Who is the Little Flock?

In Luke 12:32, Jesus addressed His disciples as the “little flock, because your Father has chosen to give you the kingdom.” The Watchtower argues HERE that this “little flock” includes only the 144,000 mentioned in Revelation 7 and 14, who are a special class of anointed Christians that will go to heaven whereas the rest of the faithful followers of God will live forever on a paradise earth.

Luke 12:32 does not teach this. Nowhere does Jesus specify the eternal location of this “little flock” in the context of Luke 12. The only indication is the fact that they will be given “the kingdom.”

The teaching of the “little flock” heavenly class up and against a “great crowd” earthly class (Rev. 7:9) becomes especially problematic when we consider the context of Luke 12. The context does not teach that the flock is called “little” because Jesus is distinguishing them from a much larger, earthly class of believers. Instead, the context shows that Jesus was speaking to a crowd of “many thousands of people” (12:1, 13-21) before turning to his disciples (12:22) and referring to them as “little flock” (12:32) in distinction to the much larger crowd before them.

Nowhere does Jesus state or imply that the crowd before Him wouldn’t be given the kingdom. For that to be true, the following conditions would be required according to Watchtower teaching:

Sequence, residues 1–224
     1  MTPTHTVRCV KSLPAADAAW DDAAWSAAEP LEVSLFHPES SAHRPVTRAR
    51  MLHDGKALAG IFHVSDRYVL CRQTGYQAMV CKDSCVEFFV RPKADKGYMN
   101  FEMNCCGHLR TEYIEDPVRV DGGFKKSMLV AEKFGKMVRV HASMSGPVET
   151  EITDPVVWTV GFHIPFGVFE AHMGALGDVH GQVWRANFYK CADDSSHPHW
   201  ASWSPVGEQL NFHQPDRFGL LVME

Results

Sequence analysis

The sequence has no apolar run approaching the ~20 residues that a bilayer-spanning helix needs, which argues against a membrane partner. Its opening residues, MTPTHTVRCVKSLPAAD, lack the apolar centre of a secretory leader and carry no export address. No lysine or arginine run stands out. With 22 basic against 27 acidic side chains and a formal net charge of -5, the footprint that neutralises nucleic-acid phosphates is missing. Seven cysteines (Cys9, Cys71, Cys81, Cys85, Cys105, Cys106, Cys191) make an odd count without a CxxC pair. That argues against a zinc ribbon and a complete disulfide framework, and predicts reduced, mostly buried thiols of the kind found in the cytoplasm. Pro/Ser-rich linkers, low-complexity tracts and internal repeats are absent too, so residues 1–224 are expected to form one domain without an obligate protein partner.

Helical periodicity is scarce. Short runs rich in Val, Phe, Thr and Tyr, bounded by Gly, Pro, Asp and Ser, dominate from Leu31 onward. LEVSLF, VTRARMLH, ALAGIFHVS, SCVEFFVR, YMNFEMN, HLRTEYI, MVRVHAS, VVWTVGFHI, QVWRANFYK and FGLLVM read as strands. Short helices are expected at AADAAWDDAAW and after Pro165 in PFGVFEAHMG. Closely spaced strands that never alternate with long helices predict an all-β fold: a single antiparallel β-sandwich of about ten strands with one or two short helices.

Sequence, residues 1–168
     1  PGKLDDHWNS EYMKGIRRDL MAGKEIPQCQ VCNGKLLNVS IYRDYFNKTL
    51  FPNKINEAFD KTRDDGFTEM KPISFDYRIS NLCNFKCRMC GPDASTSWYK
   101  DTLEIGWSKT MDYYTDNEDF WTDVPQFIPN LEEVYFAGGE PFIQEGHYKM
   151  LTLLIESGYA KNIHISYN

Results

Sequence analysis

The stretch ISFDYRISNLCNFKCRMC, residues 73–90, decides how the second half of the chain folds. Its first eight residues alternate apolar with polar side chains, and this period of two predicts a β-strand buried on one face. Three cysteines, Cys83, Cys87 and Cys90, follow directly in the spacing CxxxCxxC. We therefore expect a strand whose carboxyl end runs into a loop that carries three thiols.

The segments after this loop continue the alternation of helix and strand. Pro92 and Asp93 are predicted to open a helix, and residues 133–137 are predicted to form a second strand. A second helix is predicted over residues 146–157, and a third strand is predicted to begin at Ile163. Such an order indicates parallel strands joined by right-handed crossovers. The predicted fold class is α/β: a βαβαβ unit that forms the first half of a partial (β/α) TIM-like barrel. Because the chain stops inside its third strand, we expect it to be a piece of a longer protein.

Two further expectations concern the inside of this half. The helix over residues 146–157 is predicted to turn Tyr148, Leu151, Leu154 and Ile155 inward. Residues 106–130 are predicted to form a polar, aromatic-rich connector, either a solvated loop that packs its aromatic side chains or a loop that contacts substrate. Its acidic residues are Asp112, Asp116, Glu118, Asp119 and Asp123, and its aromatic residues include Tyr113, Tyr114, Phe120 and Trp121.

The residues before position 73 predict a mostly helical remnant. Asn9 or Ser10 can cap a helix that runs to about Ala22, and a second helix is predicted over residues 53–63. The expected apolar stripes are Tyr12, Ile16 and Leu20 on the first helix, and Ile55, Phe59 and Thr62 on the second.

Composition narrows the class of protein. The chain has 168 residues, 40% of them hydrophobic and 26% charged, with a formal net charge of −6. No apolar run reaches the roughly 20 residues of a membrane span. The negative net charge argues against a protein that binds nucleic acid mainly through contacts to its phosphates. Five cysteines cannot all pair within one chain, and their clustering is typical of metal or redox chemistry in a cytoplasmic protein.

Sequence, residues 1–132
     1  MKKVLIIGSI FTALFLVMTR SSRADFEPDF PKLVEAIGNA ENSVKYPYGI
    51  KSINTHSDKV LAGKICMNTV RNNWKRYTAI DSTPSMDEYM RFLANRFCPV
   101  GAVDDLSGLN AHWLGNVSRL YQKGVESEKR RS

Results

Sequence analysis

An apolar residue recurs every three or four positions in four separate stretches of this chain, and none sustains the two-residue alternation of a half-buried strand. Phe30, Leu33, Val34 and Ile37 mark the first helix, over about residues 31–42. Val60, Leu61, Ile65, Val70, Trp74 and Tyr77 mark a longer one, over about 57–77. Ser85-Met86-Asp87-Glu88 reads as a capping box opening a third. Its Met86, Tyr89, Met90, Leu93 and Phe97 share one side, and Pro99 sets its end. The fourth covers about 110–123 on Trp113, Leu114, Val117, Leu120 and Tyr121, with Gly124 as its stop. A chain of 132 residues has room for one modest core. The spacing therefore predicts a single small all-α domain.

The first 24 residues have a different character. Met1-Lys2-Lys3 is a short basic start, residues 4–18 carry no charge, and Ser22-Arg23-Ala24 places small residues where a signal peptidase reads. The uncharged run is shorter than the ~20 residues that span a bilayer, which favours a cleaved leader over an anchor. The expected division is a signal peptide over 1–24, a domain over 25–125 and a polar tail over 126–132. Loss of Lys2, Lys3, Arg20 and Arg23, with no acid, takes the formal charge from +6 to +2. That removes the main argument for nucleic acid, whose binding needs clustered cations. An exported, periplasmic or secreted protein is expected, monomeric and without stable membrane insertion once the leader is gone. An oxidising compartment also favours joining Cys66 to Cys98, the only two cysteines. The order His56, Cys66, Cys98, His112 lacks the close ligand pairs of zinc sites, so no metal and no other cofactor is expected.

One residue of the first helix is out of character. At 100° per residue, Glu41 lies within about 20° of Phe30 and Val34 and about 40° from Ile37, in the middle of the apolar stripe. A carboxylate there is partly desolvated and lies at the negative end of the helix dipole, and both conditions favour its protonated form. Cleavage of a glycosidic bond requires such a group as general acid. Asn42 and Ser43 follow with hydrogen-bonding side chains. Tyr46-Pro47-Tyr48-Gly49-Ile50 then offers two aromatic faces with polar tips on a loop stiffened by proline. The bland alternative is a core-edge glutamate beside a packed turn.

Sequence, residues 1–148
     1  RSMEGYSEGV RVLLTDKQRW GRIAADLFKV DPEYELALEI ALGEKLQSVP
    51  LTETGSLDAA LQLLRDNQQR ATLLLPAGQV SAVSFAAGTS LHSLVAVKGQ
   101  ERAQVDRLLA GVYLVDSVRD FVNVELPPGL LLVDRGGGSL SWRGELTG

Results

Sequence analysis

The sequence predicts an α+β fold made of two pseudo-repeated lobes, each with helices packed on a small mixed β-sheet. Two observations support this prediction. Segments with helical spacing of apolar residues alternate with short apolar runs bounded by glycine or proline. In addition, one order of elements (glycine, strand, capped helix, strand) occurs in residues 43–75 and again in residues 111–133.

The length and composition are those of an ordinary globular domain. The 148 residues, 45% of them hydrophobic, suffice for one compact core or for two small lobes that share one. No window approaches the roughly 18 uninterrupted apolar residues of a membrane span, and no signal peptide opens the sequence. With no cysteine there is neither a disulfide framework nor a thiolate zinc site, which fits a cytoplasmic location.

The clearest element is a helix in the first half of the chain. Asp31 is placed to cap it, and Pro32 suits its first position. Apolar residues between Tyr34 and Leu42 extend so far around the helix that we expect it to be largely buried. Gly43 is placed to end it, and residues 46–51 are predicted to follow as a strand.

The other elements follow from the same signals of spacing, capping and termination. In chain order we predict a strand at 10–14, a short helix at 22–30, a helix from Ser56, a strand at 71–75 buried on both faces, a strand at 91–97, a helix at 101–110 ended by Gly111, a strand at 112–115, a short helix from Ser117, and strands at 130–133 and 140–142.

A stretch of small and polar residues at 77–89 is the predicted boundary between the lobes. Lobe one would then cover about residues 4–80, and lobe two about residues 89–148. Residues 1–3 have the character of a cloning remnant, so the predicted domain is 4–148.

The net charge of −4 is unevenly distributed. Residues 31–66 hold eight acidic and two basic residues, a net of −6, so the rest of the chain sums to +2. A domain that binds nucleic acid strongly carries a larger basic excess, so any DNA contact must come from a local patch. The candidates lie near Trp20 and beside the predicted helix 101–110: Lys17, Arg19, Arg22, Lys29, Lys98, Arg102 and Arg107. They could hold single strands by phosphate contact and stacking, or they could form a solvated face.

1. No one in the large crowd would become a follower of Jesus after the day of Pentecost.
  2. Only those dying before Pentecost or living after 1935 could have the hope of living forever on earth.

Even assuming Watchtower theology, these conditions are extremely unlikely. The truth is, the giving of the kingdom is not limited to a select group of Christians. Instead, all Christians and old covenant believers are given the kingdom:

“Then the King will say to those on His right, ‘Come, you who are blessed of My Father, inherit the kingdom prepared for you from the foundation of the world.'” (Matt. 25:34)

“Many will come from east and west, and recline at the table with Abraham, Isaac, and Jacob in the kingdom of heaven.” (Matt. 8:11)

“In that place there will be weeping and gnashing of teeth when you see Abraham, Isaac, Jacob, and all the prophets in the kingdom of God, but yourselves being thrown out.” (Luke 13:28)

Simply put, in Luke 12:32 Jesus is distinguishing the disciples from the larger crowd. To read more into this, especially of a two classes theology, is presumptive.

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